This is a selection of recorded workshops on getting started with Jupyter, Ocatve/Matlab, spreadsheets, Glowscript, and p5.js.
Introductory physics lectures are generally short on time and finding time to integrate computation isn't trivial. One alternative is to move the computational exercises to the laboratory portion of the course and replace a few traditional labs with computational labs covering the same material. Here, we describe our computational laboratory implementation and present two complete exercises.
Integrating computation into first year physics courses can be a challenge, especially given the students' comfort with programming. One solution is to integrate spreadsheet computation in your labs for data reduction and analysis. You can connect the language of computation with common spreadsheet terminology. Computation with spreadsheets is advantageous because Excel is widely available.
"Contemporary research in physics and related sciences almost always involves the use of computers. [...] Computational physics has become a third way of doing physics and complements traditional modes of theoretical and experimental physics. [...] almost all undergraduate students who take physics courses will use computational tools in their future careers even if they do…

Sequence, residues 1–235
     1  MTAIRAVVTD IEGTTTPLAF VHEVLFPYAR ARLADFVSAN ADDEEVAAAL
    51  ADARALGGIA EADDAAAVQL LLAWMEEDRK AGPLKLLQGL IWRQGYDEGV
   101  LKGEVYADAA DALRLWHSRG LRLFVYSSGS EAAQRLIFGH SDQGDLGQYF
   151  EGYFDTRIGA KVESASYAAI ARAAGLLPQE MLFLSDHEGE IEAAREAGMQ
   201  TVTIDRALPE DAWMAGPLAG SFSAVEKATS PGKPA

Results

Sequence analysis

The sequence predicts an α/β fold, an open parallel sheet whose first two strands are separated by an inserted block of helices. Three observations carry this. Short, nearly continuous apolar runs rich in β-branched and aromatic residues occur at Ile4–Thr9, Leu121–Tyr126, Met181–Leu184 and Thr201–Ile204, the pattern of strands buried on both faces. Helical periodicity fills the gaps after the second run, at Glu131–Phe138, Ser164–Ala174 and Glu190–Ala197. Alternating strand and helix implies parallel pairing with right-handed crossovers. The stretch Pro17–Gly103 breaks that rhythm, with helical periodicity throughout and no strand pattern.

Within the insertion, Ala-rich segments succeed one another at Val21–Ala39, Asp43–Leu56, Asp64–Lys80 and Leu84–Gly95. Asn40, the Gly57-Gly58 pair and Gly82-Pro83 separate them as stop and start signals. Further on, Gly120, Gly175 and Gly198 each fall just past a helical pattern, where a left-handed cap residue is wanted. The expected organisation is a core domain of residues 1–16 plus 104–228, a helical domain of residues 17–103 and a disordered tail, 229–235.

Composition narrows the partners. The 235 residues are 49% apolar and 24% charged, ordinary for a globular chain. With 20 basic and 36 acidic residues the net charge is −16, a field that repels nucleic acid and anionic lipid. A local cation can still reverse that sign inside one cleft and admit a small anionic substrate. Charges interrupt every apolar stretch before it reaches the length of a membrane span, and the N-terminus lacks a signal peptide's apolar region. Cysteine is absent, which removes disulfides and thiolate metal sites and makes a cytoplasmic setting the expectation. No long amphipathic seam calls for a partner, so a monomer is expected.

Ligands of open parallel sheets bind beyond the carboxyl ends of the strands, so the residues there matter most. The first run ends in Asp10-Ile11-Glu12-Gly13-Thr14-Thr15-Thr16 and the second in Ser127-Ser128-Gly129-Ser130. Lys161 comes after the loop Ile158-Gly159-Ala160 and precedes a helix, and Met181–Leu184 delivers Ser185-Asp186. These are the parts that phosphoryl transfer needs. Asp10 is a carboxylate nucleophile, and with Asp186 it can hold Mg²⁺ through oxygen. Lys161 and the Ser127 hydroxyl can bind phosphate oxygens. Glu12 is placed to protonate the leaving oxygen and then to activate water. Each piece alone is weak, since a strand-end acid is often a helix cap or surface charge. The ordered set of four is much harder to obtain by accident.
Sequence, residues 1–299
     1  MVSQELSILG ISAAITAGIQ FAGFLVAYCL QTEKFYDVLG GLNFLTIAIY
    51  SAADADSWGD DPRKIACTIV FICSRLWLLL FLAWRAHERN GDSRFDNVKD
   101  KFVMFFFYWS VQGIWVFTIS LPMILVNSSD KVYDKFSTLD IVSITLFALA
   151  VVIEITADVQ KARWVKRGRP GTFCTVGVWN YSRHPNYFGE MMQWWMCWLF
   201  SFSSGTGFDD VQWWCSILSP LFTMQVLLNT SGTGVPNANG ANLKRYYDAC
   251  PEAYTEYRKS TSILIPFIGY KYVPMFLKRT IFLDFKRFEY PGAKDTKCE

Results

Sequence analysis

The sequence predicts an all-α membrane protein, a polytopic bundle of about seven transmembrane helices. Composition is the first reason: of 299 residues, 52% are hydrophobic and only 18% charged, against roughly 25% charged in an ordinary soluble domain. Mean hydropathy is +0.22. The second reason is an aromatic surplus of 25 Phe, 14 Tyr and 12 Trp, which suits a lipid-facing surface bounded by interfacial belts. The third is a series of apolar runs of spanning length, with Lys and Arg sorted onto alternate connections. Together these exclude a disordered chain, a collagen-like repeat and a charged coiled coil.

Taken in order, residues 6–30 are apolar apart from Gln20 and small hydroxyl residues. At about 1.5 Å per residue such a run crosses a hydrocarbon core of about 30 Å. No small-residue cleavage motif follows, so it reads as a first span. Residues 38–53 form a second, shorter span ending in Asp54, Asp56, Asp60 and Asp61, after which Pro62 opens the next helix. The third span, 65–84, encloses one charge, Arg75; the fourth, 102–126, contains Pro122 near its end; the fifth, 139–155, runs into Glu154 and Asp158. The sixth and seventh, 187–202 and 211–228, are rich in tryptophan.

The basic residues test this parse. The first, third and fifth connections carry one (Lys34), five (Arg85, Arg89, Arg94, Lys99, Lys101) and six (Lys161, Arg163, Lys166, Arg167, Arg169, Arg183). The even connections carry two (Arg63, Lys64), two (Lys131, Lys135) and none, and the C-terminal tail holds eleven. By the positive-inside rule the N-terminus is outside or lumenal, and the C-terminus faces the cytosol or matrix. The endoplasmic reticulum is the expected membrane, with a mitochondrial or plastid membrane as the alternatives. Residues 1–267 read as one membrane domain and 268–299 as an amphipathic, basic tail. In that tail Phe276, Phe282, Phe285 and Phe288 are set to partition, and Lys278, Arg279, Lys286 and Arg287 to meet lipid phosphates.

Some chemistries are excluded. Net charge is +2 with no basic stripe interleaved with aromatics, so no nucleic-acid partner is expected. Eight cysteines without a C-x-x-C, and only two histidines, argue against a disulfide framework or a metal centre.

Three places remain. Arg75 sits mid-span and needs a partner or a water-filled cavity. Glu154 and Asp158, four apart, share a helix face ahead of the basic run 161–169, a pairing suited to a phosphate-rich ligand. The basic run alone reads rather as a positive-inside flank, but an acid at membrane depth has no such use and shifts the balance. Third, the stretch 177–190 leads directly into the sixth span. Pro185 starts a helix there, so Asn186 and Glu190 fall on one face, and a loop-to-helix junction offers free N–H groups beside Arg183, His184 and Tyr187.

Capture, Code, Compare activities combine hand-on labs with computer modeling. Students use video tracking to capture the motion of an object, code a model that reproduces the behavior of the physical system, then compare the quantitative results of the video analysis with the results from the computer model. I'll go through an example of one of my activities in an introductory mechanics course.
Once you've made the choice to use Python as the programming language in your course, you still have a lot of decisions ahead of you. I'll lay out the choices along with what I chose I why I chose it.